Adolescent turmoil often persists into adulthood, which creates a confused and troubled world. Such is the major theme of Dan Josefson’s novel That's Not a Feeling. In this particular work, readers and characters alike find their world reduced in size to a unique school for troubled youths in New York State. The occurrences there mirror the problems of life in general, and so it is that the novel is a microcosm of larger themes.
The school’s bizarre rules and operational procedures make it a frustrating and confusing place not only for the characters but also for readers. The school is a blend between a boarding school and a mental institution, and perhaps that blurred distinction is partly why its procedures are convoluted. Regardless, the school seems representative of the needless complications that plague all institutions, be they cultural or educational, and this strange setting creates a surrealism that parallels the memories adults often have of their own adolescence. The story centers on Benjamin, who is the most recent teenager to attend the school. Apparently, like many others, he is deceived into taking a tour and is subsequently abandoned there by his parents. This is one of several metaphors woven into the novel’s context. The sheer oddity of events suggests more depth to the work that even the most casual of readers will likely notice.
Once at the school, Benjamin meets the people who comprise the faculty and student body. Josefson introduces the reader to an endless parade of troubled students and neurotic faculty, so many that it becomes difficult to keep track of them all and their various relationships, all of which are fraught with complications and peculiarities. As the plot progresses, some of these characters—both students and faculty—leave the school for various reasons and are replaced by others, increasing a character count which already seems too high. The perception of people constantly coming and going is reminiscent of the countless people one encounters during a lifetime. While essential to moving the plot along, it also serves as yet another metaphor for the constant changes of life. Some of the teenagers adjust to the abrupt knowledge of life’s changing nature better than others, and Josefson captures the essence of adolescence by showing that individual experience is unique even when united by commonalties.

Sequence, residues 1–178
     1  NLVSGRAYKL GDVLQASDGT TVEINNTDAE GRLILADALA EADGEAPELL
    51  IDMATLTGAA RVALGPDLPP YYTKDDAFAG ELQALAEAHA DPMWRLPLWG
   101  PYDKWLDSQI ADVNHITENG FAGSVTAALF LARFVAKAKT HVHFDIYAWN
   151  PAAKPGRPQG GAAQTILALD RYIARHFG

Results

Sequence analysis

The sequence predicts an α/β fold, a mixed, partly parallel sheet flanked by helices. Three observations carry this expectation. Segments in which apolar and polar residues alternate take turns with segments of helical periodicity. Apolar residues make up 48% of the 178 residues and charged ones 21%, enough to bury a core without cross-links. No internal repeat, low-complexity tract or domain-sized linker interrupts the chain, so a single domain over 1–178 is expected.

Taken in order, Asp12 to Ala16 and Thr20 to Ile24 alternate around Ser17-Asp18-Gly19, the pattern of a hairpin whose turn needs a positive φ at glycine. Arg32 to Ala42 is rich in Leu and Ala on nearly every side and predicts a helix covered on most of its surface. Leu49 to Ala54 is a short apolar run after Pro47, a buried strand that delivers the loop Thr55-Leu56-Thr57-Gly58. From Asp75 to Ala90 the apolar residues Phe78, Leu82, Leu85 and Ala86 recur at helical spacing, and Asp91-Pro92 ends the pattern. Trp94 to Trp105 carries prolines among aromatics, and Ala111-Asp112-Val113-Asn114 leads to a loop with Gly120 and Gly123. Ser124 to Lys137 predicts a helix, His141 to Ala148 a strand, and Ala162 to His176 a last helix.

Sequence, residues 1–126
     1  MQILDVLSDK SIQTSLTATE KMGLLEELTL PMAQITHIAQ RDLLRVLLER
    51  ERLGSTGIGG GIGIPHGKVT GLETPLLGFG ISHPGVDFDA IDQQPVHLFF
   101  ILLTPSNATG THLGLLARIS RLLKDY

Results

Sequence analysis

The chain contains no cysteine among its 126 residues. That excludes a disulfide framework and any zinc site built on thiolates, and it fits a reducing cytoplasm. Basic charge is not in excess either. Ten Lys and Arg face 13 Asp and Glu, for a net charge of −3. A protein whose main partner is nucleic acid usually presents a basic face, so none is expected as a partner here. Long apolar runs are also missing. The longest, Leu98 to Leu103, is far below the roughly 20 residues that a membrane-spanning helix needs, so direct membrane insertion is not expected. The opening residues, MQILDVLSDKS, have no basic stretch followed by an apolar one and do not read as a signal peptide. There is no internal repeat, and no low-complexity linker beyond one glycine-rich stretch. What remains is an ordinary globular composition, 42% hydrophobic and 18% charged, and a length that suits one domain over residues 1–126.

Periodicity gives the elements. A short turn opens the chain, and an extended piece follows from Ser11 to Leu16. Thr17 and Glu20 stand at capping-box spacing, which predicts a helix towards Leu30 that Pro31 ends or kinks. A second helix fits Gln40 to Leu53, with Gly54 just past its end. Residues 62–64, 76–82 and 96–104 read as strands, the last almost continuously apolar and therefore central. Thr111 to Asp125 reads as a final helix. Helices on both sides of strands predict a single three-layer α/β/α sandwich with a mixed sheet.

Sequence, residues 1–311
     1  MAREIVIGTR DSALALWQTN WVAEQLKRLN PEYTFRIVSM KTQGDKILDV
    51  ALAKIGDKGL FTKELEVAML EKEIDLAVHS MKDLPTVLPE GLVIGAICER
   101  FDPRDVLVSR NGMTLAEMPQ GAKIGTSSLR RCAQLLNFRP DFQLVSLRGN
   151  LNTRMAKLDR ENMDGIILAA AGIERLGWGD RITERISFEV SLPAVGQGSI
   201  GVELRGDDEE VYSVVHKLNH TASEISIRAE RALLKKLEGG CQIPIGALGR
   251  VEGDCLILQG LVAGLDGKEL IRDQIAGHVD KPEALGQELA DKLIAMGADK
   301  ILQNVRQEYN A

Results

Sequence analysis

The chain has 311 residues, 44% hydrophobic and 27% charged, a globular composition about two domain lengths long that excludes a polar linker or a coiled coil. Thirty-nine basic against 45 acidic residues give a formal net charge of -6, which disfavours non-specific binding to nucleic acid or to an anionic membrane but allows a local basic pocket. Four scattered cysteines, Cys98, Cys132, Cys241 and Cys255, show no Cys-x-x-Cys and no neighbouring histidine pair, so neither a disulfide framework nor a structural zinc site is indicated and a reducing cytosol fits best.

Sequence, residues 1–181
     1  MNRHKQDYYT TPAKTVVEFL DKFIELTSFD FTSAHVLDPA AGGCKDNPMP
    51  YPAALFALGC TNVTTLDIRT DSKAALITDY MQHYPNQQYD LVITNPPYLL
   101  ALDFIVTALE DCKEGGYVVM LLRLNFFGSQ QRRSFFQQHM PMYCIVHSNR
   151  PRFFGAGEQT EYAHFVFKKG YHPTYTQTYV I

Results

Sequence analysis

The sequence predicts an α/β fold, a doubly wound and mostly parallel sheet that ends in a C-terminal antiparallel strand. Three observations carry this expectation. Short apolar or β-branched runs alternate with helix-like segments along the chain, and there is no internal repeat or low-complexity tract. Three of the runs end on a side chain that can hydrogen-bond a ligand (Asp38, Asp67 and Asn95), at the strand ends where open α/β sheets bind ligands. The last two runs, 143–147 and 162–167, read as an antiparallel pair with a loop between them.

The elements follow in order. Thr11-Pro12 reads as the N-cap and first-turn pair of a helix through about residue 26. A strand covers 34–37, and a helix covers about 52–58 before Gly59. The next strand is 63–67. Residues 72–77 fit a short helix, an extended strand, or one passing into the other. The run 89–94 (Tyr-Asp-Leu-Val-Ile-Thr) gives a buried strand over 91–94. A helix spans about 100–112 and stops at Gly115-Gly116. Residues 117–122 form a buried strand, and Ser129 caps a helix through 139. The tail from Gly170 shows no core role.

The way in which the characters embrace their circumstances blends a substantial amount of humor with the presentation of serious issues. This style makes the humor dark, as it is a coping mechanism for the character’s problems, and overall may really be no better than other self-inflicted coping mechanisms. For example, cutting—a disturbing affliction that plagues many young people—is addressed in the novel. While presented as a serious issue, the prevention of it is taken to the point of absurdity when the girls are forced to do ridiculous and demeaning things to determine the thief of a razor blade. In another scene, a new faculty member is hit with a shovel, which emphasizes the disturbed nature of some of the students and serves as a comical symbol of our society’s tradition of hazing people new to an organization. The story presents the challenges that come with change and reinforces Josefson’s seeming message about life: that existence is comically absurd, confusing, and complicated. This dark humor is far from comforting but relieves the awkwardness created by the characters’ confusion.
That's Not a Feeling’s unique narrative style is a credit to Josefson’s writing ability. While most of the story is told from Benjamin’s perspective, there is a constant shift between first and third-person narration; however, even in the third person, there is a sense of Benjamin’s presence. The entirety of the narrative is influenced by him and thus is compromised by his individuality. Benjamin’s consistent description of scenes between other characters shows a narrative bias that creates curiosity about the truthfulness of events and intrigues the reader. The story includes brief flash-forwards in certain parts, showing that time constructs and deconstructs the truth, and Benjamin reveals that some details come to him through the other major character, Benjamin’s friend and pseudo-romantic interest, Tidbit. She is responsible for several details that comprise the story, even though they are told to the reader through Benjamin’s voice. Nevertheless, Benjamin describes several scenes where neither he nor Tidbit is present, which forces the reader to question the validity of his story.
The narrative style emphasizes the atmosphere of surrealism and confusion that Josefson insists upon presenting. However, the presentation is so consistent that it becomes redundant, and the characters become less intriguing and more annoying. As the novel concludes, there is a palpable sense of chaos at the school and nothing seems resolved, so that the reader is left wondering at the meaning (or if there even is one). Surely this ending is a deliberate reflection upon life, but Josefson has accentuated this point throughout, and the story would benefit by leaving readers with a fresh idea.